Since April, the Salamanca boys basketball team has done all it can remotely to prepare for this winter.

Coach Adam Bennett started holding Zoom meetings in those early months of the COVID-19 pandemic, as schools were fully closed. It might not have been ideal, but even away from the court, the Warriors could install offenses and defenses and teach fundamentals, all in hopes of playing a season that’s still in limbo.

“With our younger guys, we watch a lot of film with our experienced guys coming back,” Bennett said. “It’s just so different because we all feel there’s a chance that we could be working toward something. My heart goes out to our seniors. We have five seniors this year and they’re good players and they’ve been working toward this moment for a long time. So we’ve just got to take it one day at a time, try to be as good as we can be in terms of adhering to the state guidance when we’re in and out of school and just go from there.”

Regarding the pandemic, Bennett’s told his players to “control what we can control,” from social distancing to classwork, to making sure they’re eligible to play if and when a season happens.

“It’s really hard because as a coach, your players look to you for guidance and right now the reality is none of us coaches have much guidance,” he said.

BASKETBALL teams received a glimmer of hope in late September, when New York State issued guidance allowing open gyms in schools. But within a month of getting back on the court for two open gyms a week, Salamanca paused its in-person workouts.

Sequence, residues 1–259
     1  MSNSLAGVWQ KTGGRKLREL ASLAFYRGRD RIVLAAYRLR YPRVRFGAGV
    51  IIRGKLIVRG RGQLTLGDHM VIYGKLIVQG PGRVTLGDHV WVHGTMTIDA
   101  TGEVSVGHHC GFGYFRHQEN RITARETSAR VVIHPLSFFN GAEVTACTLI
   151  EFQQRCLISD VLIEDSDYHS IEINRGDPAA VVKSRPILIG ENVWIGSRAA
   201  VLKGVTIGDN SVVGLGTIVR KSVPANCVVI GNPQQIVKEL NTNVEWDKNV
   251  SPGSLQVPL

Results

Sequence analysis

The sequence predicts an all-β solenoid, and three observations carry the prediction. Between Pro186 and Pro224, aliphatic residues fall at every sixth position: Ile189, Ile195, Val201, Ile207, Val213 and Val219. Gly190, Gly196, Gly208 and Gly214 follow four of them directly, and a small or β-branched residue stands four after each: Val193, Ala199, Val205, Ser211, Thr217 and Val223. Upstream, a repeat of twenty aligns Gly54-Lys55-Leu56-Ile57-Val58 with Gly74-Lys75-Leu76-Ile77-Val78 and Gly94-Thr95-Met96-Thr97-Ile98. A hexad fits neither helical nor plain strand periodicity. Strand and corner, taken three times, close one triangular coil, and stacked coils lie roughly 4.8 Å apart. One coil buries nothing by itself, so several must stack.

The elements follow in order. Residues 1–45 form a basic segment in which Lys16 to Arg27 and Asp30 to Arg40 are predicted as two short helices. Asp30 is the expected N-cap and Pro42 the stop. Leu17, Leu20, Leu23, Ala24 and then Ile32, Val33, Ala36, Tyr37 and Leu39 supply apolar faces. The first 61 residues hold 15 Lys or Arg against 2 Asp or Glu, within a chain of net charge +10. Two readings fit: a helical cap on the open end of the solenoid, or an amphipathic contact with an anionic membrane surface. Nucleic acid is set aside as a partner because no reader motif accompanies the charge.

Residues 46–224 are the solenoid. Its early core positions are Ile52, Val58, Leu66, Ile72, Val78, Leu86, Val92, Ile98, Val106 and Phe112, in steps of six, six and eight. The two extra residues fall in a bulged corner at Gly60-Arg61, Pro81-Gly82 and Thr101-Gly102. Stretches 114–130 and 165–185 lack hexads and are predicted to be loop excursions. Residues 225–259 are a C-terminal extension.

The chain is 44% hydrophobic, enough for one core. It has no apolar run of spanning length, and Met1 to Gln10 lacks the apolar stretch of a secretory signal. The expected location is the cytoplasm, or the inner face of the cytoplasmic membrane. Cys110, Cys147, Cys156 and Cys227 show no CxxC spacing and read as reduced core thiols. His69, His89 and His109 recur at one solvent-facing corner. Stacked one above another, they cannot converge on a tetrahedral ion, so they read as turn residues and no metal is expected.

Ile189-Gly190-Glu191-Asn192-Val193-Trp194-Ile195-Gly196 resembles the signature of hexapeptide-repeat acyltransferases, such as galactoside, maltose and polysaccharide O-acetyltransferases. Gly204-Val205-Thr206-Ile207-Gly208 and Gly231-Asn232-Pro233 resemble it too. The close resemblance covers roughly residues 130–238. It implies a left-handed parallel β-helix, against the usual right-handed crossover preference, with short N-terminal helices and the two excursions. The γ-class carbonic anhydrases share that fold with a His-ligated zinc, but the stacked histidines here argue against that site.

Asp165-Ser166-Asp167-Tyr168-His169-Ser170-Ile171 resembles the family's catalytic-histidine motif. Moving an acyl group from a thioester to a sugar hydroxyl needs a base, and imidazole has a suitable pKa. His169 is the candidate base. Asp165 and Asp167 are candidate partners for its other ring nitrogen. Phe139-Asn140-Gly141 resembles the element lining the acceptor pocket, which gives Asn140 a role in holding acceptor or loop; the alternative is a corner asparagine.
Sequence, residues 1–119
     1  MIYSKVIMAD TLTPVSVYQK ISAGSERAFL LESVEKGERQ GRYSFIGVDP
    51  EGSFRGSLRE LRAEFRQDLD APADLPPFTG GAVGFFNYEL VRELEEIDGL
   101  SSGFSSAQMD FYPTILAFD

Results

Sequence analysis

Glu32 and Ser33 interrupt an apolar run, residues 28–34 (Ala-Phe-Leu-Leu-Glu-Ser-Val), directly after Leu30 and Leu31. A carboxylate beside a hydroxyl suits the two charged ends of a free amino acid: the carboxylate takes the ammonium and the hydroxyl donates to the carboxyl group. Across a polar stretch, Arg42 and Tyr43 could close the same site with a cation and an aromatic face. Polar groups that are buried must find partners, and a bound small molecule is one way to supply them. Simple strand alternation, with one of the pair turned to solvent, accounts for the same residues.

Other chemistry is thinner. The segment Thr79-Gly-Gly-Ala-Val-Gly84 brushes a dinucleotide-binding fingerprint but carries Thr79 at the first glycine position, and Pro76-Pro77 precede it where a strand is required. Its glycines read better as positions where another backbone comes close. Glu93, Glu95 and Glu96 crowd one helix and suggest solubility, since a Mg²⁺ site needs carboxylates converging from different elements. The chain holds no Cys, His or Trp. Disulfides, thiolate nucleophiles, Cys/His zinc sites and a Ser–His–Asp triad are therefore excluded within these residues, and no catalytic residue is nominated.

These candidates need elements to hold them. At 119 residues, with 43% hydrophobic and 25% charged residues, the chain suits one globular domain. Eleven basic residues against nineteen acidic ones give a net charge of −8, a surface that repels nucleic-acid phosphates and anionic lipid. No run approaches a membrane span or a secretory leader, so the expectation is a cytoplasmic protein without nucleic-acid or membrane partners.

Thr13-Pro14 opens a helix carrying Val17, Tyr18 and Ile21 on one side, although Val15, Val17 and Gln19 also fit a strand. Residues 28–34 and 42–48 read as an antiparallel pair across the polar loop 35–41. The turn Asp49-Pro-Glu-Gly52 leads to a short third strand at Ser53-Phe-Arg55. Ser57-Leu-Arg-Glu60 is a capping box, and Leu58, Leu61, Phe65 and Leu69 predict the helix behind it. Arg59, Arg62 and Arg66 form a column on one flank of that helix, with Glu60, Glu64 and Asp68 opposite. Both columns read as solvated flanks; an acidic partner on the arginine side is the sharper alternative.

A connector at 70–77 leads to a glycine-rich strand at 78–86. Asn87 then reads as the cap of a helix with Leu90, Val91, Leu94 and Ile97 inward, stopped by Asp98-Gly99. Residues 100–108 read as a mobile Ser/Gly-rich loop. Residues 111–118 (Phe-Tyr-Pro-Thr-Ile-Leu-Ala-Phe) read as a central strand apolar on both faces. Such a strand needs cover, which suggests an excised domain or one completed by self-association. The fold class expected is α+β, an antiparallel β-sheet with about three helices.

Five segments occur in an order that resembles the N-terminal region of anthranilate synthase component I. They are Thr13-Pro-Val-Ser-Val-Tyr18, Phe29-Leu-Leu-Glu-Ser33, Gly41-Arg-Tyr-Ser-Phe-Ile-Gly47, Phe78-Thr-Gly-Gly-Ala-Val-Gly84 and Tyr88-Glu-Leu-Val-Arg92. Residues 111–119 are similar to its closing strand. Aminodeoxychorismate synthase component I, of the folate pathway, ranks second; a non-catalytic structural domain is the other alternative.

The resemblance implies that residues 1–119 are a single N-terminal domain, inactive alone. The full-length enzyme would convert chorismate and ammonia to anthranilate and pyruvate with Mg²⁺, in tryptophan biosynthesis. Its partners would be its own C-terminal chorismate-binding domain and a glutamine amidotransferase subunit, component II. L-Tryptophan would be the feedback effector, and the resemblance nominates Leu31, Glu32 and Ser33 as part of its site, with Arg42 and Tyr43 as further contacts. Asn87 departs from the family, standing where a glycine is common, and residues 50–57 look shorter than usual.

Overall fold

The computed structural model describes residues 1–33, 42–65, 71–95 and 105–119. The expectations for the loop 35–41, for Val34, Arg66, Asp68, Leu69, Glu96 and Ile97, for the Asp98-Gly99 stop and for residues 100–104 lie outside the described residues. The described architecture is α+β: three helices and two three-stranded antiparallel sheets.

“(The state’s) guidance said open gyms were acceptable in basketball as long as there wasn’t any physical contact and there was social distancing and screening,” Bennett said. “So we’ve had a few open gyms for our guys; it’s more of an individual skill development workout time for our players where they’re screened, they’re masked up and then we’re able to do some individual skill work. Right now with where the cases are at, we made the decision to not meet in person and that’s just a constant evaluation within the district and adhering to the state guidelines.”

Bennett holds out hope after this week’s announcement from the New York State Public High School Athletic Association pushing back high-risk sports (including basketball, wrestling, ice hockey and competitive cheerleading) from a Nov. 30 start date to Jan. 4. Lower-risk sports remain on the state’s schedule for Nov. 30, though Section 6 has already delayed those sports by two weeks.

“YOU TRY TO stay optimistic and I am encouraged that at least they gave a target date in January to start by,” Bennett said. “All of us in the coaching community thought that it was going to be pretty difficult to start any kind of practice or organized activity during this time of the year, not only with COVID on the rise locally and nationally but also now you’re introducing the flu and cold and all these different new procedures with how to deal with any kind of symptoms. So I’m going to remain optimistic and hope that once January comes, there’ll be better numbers and our guys are going to have the opportunity to play at least at some point.

“But we’re concerned obviously about the health and the safety of our players and everyone out there. If we can find a way to safely play, that’s just what our focus is right now.”